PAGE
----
a Latin epic poem by Virgil, about Aeneas and his adventures
From Latin Aeneis (Greek third declension, genitive Aeneidos).
- Douglas's longest, last, and in some respects most important work is his translation of the Aeneid, the first version of a great classic poet in any English dialect.
- He was one of the Greeks who entered Troy concealed in the wooden horse (Virgil, Aeneid, ii.
- According to Virgil (Aeneid, vii.-xii.), Aeneas, on landing at the mouth of the Tiber, was welcomed by Latinus, the peaceful ruler whose seat of government was Laurentum, and ultimately married his daughter Lavinia.
- Joseph Warton's idea that the story is introduced by Virgil as a protest against the Roman custom of deification is not supported by the general tone of the Aeneid itself.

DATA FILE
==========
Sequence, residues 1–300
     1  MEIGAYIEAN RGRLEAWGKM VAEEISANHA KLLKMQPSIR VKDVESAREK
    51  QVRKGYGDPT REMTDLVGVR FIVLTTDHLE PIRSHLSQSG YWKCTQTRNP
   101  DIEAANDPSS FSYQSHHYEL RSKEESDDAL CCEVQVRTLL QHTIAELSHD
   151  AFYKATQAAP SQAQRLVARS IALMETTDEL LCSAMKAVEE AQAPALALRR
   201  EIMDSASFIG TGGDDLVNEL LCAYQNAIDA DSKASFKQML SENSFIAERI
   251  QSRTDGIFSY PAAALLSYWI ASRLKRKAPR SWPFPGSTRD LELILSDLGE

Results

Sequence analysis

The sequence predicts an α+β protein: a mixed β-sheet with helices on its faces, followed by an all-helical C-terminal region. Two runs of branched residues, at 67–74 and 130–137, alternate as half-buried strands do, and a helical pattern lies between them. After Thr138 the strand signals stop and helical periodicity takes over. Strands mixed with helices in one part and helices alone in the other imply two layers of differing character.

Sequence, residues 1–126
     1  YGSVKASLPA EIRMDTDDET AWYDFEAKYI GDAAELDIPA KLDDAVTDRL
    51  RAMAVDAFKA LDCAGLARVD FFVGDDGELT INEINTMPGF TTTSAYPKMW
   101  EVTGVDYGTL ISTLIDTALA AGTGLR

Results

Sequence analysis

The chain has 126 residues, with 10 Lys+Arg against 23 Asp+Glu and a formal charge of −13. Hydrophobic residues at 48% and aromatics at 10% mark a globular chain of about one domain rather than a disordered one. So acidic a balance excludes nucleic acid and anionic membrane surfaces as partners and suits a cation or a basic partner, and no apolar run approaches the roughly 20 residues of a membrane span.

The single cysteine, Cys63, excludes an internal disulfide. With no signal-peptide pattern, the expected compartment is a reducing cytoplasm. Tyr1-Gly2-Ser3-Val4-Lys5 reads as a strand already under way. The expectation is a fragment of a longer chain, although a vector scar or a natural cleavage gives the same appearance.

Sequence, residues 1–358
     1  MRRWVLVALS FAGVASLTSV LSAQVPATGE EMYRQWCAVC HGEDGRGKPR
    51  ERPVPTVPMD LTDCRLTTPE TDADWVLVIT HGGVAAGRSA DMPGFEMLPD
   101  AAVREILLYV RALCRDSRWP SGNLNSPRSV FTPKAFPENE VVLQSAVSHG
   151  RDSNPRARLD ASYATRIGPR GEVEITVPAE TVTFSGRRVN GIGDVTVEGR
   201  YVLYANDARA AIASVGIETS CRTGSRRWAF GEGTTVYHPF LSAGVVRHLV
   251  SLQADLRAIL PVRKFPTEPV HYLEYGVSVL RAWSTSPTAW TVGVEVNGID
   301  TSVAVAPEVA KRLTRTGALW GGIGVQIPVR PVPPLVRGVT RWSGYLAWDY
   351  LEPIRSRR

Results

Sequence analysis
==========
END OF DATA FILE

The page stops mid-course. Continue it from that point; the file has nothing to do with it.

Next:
- The epic mood had possessed Morris very strongly, and, in addition to his work upon the sagas, he had actually finished and (in 1875) published a verse translation of the Aeneid, which is interesting rather for its individuality than for any fidelity to the spirit of the original.